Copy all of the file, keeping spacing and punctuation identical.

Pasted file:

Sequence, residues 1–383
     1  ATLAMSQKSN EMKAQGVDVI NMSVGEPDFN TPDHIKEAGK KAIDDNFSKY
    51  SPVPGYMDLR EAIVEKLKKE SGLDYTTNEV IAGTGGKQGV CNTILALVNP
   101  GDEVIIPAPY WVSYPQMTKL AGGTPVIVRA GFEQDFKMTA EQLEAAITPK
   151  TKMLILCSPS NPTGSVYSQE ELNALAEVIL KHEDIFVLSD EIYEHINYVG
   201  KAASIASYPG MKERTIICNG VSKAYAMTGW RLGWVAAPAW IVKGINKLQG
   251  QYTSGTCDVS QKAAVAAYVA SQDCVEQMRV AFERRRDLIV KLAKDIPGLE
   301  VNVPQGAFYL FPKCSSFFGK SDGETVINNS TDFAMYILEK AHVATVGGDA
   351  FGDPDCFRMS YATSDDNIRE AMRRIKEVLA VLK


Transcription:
Sequence, residues 1–383
     1  ATLAMSQKSN EMKAQGVDVI NMSVGEPDFN TPDHIKEAGK KAIDDNFSKY
    51  SPVPGYMDLR EAIVEKLKKE SGLDYTTNEV IAGTGGKQGV CNTILALVNP
   101  GDEVIIPAPY WVSYPQMTKL AGGTPVIVRA GFEQDFKMTA EQLEAAITPK
   151  TKMLILCSPS NPTGSVYSQE ELNALAEVIL KHEDIFVLSD EIYEHINYVG
   201  KAASIASYPG MKERTIICNG VSKAYAMTGW RLGWVAAPAW IVKGINKLQG
   251  QYTSGTCDVS QKAAVAAYVA SQDCVEQMRV AFERRRDLIV KLAKDIPGLE
   301  VNVPQGAFYL FPKCSSFFGK SDGETVINNS TDFAMYILEK AHVATVGGDA
   351  FGDPDCFRMS YATSDDNIRE AMRRIKEVLA VLK